MVFF38 Diary Wrap-Up: ‘Suffragette,’ ‘Embrace of the Serpent,’ ‘Princess’
The 38th annual Mill Valley Film Festival was a memorable 10-day celebration indeed. A few excellent films emerged as sure-fire Oscar contenders, like Tom McCarthy’s newsroom slow-burner Spotlight, Cary Joji Fukunaga‘s Netflix powerhouse Beasts of No Nation, László Nemes’ heartstopping Son of Saul, and Kent Jones’ incisive documentary Hitchcock/Truffaut.
Actors further cemented their cases for awards consideration as well: Michael Keaton again went toe-to-toe with last year’s Best Actor Oscar-winner, Eddie Redmayne, as their two films, Spotlight and The Danish Girl, took center stage on opening night; Brie Larson gives the best performance of her career in Lenny Abrahamson’s Room; and Sir Ian McKellen charmed festival-goers for two days, reminding us of his heartfelt, unforgettable turn as the aging Mr. Holmes.
Some under-the-radar films made lasting impressions as well, like Mitchell Lichtenstein’s gothic ghost story Angelica and Gunnar Vikene’s Nordic dark comedy Here Is Harold (my personal favorite of the festival).
My MVFF experience ended off as strong as it started, with two very different but equally spellbinding foreign features and yet another film that may be picking up a few golden statues come February.
Fight (And Burn Stuff) For the Right
With feminism becoming less and less of a dirty word as women and feminist allies become more and more galvanized around the fight for gender equality, Sarah Gavron‘s Suffragette looks back to the early feminists who sacrificed home and health to demand their right to vote in early 20th-century England. Carey Mulligan stars as Maud, a working-class wife and mother who gets swept up by the British suffragette movement, participating in explosive acts of protest alongside her fellow footsoldiers (played by the likes of Helena Bonham Carter, Anne-Marie Duff, and Meryl Streep). The cost of Maud’s actions are steep, however; her husband (Ben Wishaw) refuses to abide her newfound passion for activism, kicking Maud out of their home, away from their son. Screenwriter Abi Morgan’s story is as rousing as you’d expect for such inherently inspirational subject matter, but the film’s real strength is in its humility and dignity; it’s a period piece brimming with stunning locations (it was the first production allowed to be shot in the British Houses of Parliament since the ’50s) and elaborate costumes, but never lets the production design take precedence over the characters’ plight unlike other, showier period pieces. Mulligan is typically wonderful though she doesn’t reach the emotional depth of some of her greater performances. Still, it’s a fine film all involved are surely proud to have been a part of.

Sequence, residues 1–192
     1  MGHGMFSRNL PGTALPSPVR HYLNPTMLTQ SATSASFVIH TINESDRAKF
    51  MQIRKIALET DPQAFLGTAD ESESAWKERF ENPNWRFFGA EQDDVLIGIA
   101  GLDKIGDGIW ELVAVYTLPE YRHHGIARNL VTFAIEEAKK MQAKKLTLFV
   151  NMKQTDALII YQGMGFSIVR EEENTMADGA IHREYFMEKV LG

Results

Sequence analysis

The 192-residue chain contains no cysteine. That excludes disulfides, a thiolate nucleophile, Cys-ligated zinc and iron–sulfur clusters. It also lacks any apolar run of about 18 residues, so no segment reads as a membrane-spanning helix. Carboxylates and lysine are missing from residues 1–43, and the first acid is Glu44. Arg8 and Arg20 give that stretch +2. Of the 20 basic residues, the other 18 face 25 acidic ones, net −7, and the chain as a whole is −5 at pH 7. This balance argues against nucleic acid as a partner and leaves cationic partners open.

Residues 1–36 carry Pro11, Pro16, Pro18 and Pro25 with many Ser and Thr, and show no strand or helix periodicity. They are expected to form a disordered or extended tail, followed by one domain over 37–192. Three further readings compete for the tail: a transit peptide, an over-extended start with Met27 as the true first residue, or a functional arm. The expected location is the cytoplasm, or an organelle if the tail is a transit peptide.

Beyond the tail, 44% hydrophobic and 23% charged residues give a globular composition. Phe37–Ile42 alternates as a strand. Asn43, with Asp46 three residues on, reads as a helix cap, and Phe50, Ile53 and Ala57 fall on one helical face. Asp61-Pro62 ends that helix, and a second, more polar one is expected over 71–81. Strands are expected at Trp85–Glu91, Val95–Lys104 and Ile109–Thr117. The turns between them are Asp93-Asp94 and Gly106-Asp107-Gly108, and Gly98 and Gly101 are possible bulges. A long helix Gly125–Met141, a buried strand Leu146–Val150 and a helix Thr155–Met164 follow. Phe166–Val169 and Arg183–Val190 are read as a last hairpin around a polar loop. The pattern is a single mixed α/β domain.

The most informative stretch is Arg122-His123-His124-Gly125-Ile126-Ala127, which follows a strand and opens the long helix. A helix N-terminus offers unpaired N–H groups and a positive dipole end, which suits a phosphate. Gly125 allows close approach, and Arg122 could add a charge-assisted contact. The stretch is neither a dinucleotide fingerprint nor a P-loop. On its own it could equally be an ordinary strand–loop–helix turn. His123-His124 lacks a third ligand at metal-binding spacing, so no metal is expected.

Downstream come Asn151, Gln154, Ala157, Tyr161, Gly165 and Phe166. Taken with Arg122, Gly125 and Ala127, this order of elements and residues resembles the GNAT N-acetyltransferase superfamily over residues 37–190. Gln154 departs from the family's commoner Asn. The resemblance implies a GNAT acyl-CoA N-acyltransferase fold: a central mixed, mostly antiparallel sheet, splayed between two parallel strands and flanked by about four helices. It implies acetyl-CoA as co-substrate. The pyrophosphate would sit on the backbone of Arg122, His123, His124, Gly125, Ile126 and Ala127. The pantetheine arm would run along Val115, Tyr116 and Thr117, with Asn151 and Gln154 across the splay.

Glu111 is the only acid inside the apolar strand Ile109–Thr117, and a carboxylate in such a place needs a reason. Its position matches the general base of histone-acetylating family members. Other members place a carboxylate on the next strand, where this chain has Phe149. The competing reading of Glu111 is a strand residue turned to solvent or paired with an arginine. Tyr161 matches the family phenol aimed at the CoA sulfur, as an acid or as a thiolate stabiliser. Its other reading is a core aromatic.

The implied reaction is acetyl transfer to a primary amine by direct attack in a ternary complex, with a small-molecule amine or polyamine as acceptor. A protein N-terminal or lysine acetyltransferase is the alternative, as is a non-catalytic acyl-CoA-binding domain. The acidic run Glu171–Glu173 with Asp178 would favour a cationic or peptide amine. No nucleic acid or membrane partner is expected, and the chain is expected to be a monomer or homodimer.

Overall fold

The most sublime, heart-achingly beautiful thing I saw at MVFF was an Amazonian upriver tale called Embrace of the Serpent, by Colombian director Ciro Guerra. It’s a magical, almost religious experience when a film breaks free completely from modern cinema norms and puts you in a state of mind you’ve never known, and that’s what Guerra does here. Shot on Super 35 black and white, the film follows two white scientists (Jan Bijvoet and Brionne Davis) as they scour the Amazon for a rare healing plant, their journeys separated by decades (one’s set in the early 1900s, the other 40 years later). The foreigners share a common guide, Amazonian shaman Karamakate (Nilbio Torres and Antonio Bolivar). The story is a dirge-like lament on the soul-sucking effect colonization has had on the once pure Amazonian culture. Otherworldly and yet bound to the earth and all her natural glory, Embrace of the Serpent is as can’t-miss as they come.
Sin and Splendor
Inside a cozy little house lives a family fractured by sexual awakening, paranoia, and depravity in Tali Shalom-Ezer‘s bone-chilling Princess. A most unsettling topic—child molestation—is explored delicately and artfully by the Israeli writer-director, whose story gently unfolds in a series of quietly intoxicating, increasingly unsettling glimpses of domestic implosion. The protagonist is Adar (Shira Haas), a bright 12-year-old who lives with her mom, Alma (Keren Mor), and her mom’s boyfriend, Michael (Ori Pfeffer). Adar and Michael have fun horsing around at home while mom goes off to work, but Michael’s playing grows inappropriate before long (he starts calling her “little prince”). Adar’s new friend, a boy named Alan (Adar Zohar-Hanetz), bears a staggering resemblance to her, and when he’s invited to stay with the family for a while, he becomes the new object of Michael’s affections. Sumptuously-lit and fluidly edited, the film’s presentation is lovely, which is a nice counter-balance to the difficult subject matter. Like Ingmar Bergman’s Persona, Princess creates a beautiful sense of dreamlike disorientation and mirror-image poetry that arthouse lovers will treasure.